On the strength of his own brilliant play, he can temporarily make critics forget their gripes about his team's numerous shortcomings. Unfortunately for the Indiana Pacers, even George's recent resurgence can't wipe away all of the team's deeply ingrained problems.
We'll get to Indy's issues in a moment, but it's key to start with how well George played in Game 2 against the Atlanta Hawks. On the strength of 27 points, 10 rebounds, six assists and four steals, Paul took complete control of an NBA game for the first time in months.
The numbers were nice, but it was the way George played that mattered more. He stroked the triple confidently, hitting 5-of-7 on the night. He got into the passing lanes for deflections, showing an activity level that had been missing for far too long. And he played with an edge that that the Pacers desperately needed.
Basically, George looked a lot more like the guy we all thought occupied the No. 3 position in the NBA hierarchy behind LeBron James and Kevin Durant back when the season began.
There's a temptation to look at George's performance and conclude that the Pacers are primed for a turnaround. With so many pieces jumbled around in Indy's proverbial puzzle, it makes sense to assume order might be restored by the biggest one finding its place.
But we can't make that assumption. Not yet. Not after the way George mugged at the Hawks bench when he drilled a buzzer-beating three to close out the third quarter.
Nice shot, Paul. Next time act like you've been there before.
This isn't a "cranky sportswriter tells athlete to class it up a little" situation. George can act however he wants. The problem with his staredown and saunter toward the sideline after that shot was subtler: It belied lingering self-doubt.
The Pacers (and George) know how deep-seated their issues are and they're feeling vulnerable. If that weren't the case, George wouldn't have lashed out at the bench of a No. 8 seed that might not even have made the playoffs if it weren't for a historically weak conference makeup.
George was playing the bully. He was acting outwardly confident toward an obviously weak opponent in a way that screamed "insecurity."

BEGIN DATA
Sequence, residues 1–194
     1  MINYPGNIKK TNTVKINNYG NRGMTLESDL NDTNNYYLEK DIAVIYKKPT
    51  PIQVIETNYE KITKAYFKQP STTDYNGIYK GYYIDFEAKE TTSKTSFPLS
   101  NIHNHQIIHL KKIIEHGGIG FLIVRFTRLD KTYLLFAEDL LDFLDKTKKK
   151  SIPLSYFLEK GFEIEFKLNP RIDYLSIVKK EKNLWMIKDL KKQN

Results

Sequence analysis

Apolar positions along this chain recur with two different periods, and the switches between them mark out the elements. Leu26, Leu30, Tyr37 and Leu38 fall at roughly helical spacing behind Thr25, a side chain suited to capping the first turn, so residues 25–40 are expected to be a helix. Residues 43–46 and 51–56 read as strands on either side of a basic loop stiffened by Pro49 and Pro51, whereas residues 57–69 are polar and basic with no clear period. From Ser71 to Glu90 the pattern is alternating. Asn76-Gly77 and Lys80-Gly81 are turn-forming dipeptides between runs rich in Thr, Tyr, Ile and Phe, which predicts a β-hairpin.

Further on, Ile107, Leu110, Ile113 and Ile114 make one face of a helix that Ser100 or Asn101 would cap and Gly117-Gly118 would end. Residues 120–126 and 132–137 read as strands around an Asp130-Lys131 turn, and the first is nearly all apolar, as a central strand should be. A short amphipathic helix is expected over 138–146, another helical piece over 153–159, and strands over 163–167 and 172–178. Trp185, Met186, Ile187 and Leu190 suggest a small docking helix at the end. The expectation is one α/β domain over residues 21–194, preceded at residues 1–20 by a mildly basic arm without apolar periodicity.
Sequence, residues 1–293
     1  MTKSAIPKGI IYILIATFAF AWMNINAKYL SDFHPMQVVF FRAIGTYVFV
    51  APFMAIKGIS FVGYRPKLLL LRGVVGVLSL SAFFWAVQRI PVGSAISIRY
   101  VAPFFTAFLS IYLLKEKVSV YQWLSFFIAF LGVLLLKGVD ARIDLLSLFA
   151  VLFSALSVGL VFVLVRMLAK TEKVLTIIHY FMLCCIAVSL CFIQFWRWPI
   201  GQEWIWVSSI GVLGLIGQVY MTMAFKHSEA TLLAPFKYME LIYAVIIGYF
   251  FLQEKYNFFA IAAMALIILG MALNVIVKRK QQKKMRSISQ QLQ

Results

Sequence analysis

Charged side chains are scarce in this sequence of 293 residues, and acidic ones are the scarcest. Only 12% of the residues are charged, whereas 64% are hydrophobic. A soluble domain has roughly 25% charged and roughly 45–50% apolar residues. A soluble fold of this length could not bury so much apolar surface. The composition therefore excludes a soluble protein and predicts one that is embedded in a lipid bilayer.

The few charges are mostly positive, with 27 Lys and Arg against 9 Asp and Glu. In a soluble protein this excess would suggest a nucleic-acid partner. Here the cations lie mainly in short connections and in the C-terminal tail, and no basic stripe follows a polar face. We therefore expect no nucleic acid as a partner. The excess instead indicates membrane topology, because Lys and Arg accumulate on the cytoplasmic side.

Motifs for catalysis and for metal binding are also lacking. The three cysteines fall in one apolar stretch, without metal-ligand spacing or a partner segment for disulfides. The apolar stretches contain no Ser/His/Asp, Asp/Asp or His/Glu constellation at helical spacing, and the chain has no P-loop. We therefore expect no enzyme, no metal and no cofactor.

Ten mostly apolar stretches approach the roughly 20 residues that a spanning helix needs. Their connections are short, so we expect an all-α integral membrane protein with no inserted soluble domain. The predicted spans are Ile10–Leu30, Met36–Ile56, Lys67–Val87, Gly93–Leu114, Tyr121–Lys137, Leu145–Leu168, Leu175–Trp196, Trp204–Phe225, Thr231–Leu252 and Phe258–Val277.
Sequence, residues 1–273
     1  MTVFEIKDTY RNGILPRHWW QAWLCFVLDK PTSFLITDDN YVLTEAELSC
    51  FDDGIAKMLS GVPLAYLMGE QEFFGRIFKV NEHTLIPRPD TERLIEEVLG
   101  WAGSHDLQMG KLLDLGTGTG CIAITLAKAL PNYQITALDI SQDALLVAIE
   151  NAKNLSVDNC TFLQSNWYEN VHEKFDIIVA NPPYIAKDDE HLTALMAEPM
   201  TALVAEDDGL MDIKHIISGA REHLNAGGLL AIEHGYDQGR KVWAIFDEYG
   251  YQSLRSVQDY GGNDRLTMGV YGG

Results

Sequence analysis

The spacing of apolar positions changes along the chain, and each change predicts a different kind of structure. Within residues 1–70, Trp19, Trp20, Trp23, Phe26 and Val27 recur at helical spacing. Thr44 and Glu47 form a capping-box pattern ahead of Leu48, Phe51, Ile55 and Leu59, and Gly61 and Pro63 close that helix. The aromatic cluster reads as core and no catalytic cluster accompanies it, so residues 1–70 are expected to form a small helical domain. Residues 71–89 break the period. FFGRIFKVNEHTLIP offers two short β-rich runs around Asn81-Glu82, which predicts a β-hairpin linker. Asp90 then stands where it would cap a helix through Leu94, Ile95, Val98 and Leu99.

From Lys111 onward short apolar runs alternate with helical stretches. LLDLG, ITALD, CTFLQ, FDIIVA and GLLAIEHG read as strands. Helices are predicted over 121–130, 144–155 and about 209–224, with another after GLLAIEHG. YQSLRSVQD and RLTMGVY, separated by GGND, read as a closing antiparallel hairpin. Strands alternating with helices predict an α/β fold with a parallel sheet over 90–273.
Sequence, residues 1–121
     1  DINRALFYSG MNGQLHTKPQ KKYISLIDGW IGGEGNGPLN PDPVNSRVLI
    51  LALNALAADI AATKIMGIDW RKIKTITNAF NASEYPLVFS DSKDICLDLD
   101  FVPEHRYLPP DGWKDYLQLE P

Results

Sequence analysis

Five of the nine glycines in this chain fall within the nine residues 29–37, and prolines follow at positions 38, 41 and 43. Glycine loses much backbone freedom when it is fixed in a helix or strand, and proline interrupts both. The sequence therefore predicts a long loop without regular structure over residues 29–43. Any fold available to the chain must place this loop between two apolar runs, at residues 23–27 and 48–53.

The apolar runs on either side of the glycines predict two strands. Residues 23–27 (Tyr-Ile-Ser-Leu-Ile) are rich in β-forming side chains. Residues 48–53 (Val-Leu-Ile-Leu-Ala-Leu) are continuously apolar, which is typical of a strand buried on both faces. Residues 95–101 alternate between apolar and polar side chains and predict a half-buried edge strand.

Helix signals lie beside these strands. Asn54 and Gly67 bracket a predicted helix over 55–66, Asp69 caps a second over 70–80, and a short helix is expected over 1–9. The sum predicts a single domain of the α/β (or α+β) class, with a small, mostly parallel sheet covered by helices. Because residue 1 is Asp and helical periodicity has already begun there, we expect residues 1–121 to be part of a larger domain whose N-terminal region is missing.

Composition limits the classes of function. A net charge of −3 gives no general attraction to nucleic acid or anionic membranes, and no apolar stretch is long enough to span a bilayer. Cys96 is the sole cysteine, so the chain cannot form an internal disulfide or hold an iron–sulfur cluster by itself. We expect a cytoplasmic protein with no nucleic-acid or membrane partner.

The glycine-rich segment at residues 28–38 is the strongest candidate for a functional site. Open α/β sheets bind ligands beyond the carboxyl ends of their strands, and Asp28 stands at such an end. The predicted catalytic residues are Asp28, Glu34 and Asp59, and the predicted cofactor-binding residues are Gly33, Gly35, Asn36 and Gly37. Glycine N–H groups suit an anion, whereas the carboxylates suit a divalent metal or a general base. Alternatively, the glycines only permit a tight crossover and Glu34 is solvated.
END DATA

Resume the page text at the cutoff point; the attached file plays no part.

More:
For good reason.
None of the recent reports out of Indiana have been encouraging. Interpersonal strife has come along with the team's on-court struggles, or perhaps the former caused the latter. Sorting out that chicken-and-egg quandary isn't the point here, though.
The point is: Indy has issues, and they're not going away.
Adrian Wojnarowski of Yahoo! Sports reported on a late-season dustup between two of Indiana's rotation players, writing:
On the eve of this Eastern Conference series, the wobbling No. 1 seed punctuated its final playoff preparations in a most self-destructive way: Two Indiana Pacers dragged a cursing, cut Evan Turner out of the Bankers Life Fieldhouse court, untangling him from a practice-floor fistfight with teammate Lance Stephenson.
Per Marc Stein of ESPN, team president Larry Bird is questioning head coach Frank Vogel's management of the roster:
I'm sort of going to Frank's side because he's had so much success by staying positive. We do have to stay the course. But I also think he's got to start going after guys when they're not doing what they're supposed to do. And stay on them, whether you've got to take them out of the game when they're not doing what they're supposed to do, or limit their minutes. I will say, he hasn't done that enough.
The players aren't fond of each other, the coach is on a seat that's at least slightly warm and the horrendous two-plus months the Pacers put together to close the year show they weren't just fraying at the seams when the postseason started.
They were completely falling apart.
George playing like a stud certainly helps matters, though. When he's at his best, it's a whole lot easier for the Pacers to win. And winning tends to solve most problems.
But George can't suddenly make Roy Hibbert a dominant defensive force again and he can't undo the damage to Indiana's chemistry. Most importantly, Paul can't do anything to rejuvenate a fatigued first unit nearly driven into the ground in pursuit of the No. 1 seed.
There's no question seeing George reaffirm his star status is a good thing for Indiana, both in terms of on-court results and morale; it's big for the Pacers' long-term plans as well.
Going forward, George must be the franchise cornerstone; Indiana is certainly paying him like one and the decision to give him $90 million is not one the team can afford to have missed on.
More immediately, though, there are just too many things broken for George to fix by himself.
It's probably safer to assume the Pacers will avoid a first-round upset now than it was just a few days ago, but who's to say all the same issues won't drag them down in a subsequent round? Remember, Hibbert still made just one field goal in seven tries in Game 2 and the Hawks missed plenty of makeable shots in the third quarter.
There were a few signs of team-wide improvement by the Pacers in Game 2, but we'll need a bit more evidence their offensive adjustments and defensive tweaks are sustainable before we proclaim their more systemic problems solved.
The Pacers' effort in Game 2 was an exceptionally rare thing: a beacon of solid play seen just a handful of times over the past few months. George deserves credit for leading the charge toward respectability.
But we can't assume one nice game by a still-promising superstar-in-waiting changes the entire narrative for a very vulnerable team.
George is an eraser, not a miracle-worker.
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